In addition, many people in golf are using the anchoring issue as a platform to make bifurcation part of the debate, different games for different groups of golfers. Not just in the rules, but involving the ball we hit, the clubs we swing, and even the course we play. Mark King, the TaylorMade president, recently suggested that the hole be enlarged to 15 inches . Why don't we just invent another sport and call it golf!

Tim won't find it easy to get a consensus in the Monday phone conference, but he'll likely get one. If the Tour's position is to tell the USGA to back down, Finchem will at least cover himself with the many PGA Tour and Champions tour players who want to continue to putt with an anchored putting stroke.

One way or the other, whether the USGA goes ahead with the ban or withdraws it, the Tour would much rather operate under an established set of rules and not make the rules. The Tour has never governed the game. It has enough to do as it is.

In the end, I believe the USGA will not back off the proposed ban, and that the ban will be accepted on the PGA Tour. I have to think that the USGA anticipated this level of pushback from the Tour. But it really is also possible that the USGA will back down. It's so hard to know. This is completely unchartered territory.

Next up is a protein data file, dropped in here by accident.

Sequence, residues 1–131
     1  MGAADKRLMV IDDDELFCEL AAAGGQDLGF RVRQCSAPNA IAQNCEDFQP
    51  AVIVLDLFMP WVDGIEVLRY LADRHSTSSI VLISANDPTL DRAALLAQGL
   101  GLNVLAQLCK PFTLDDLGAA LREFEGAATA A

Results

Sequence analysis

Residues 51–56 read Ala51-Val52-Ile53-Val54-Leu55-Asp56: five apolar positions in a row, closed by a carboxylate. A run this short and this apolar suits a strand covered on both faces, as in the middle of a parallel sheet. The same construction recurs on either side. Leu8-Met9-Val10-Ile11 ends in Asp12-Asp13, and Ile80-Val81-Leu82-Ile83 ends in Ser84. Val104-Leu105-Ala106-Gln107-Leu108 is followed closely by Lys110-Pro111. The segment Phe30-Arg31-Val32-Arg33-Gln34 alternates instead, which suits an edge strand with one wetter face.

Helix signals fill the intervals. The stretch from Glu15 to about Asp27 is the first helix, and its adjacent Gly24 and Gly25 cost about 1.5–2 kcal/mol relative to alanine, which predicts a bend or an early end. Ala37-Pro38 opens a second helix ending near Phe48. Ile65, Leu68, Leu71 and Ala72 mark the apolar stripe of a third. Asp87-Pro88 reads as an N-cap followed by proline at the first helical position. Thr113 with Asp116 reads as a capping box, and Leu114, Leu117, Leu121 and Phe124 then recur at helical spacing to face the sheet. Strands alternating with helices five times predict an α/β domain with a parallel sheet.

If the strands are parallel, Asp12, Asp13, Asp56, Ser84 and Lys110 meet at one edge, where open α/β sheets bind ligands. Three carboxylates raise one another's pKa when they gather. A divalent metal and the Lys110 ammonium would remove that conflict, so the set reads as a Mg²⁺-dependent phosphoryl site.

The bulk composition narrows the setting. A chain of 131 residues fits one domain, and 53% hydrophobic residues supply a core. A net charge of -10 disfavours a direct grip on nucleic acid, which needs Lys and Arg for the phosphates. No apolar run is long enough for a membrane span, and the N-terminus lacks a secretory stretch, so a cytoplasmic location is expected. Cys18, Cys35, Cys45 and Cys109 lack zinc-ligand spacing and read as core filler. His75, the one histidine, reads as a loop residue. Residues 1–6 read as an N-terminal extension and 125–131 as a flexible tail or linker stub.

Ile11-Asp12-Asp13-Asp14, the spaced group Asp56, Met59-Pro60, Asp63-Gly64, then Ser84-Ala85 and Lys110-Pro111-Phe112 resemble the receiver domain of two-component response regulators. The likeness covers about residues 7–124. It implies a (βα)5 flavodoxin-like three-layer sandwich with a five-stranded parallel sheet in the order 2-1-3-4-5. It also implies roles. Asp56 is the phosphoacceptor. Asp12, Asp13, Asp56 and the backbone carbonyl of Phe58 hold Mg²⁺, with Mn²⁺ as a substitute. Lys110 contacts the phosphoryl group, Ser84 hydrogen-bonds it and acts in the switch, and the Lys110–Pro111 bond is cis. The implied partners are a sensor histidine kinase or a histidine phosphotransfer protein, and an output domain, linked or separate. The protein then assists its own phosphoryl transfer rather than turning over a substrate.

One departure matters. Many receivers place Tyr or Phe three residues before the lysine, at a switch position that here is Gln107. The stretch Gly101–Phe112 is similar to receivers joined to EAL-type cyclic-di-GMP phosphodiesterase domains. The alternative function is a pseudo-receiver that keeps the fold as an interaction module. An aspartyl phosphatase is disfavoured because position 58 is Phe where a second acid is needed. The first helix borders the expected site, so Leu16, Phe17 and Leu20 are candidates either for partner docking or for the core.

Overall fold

In the 20-plus years that I've been watching Tim Finchem's moves very closely, I have never seen him lose an important debate. He's that smart and that good. But this debate is so different and difficult, it's like nothing we've seen before. The players certainly don't have a unified position. The USGA and the PGA of America are at odds with each other. Arnold Palmer is saying one thing (ban anchored putting) and Jack Nicklaus something else (I don't care). You one thing, your playing partner something else.

If Finchem successfully forces the USGA's hand here, a lot of people, including Tiger, are going to be upset. If he does nothing, other people will be upset.

Golf is supposed to be a place where people get a break from the noise and the fights. That's not going to happen this time, even on Tim's watch. On this issue, there's no middle ground. The USGA sees a large number of junior players learning the game copying Webb and Keegan and others. The percentages of Tour players who use anchored putting has crept from 6 percent to 18 percent over the past three years. Somebody is going to leave this conversation unhappy. When I say that, I'm talking about Monday's phone conference -- and all the conversations that will come after it.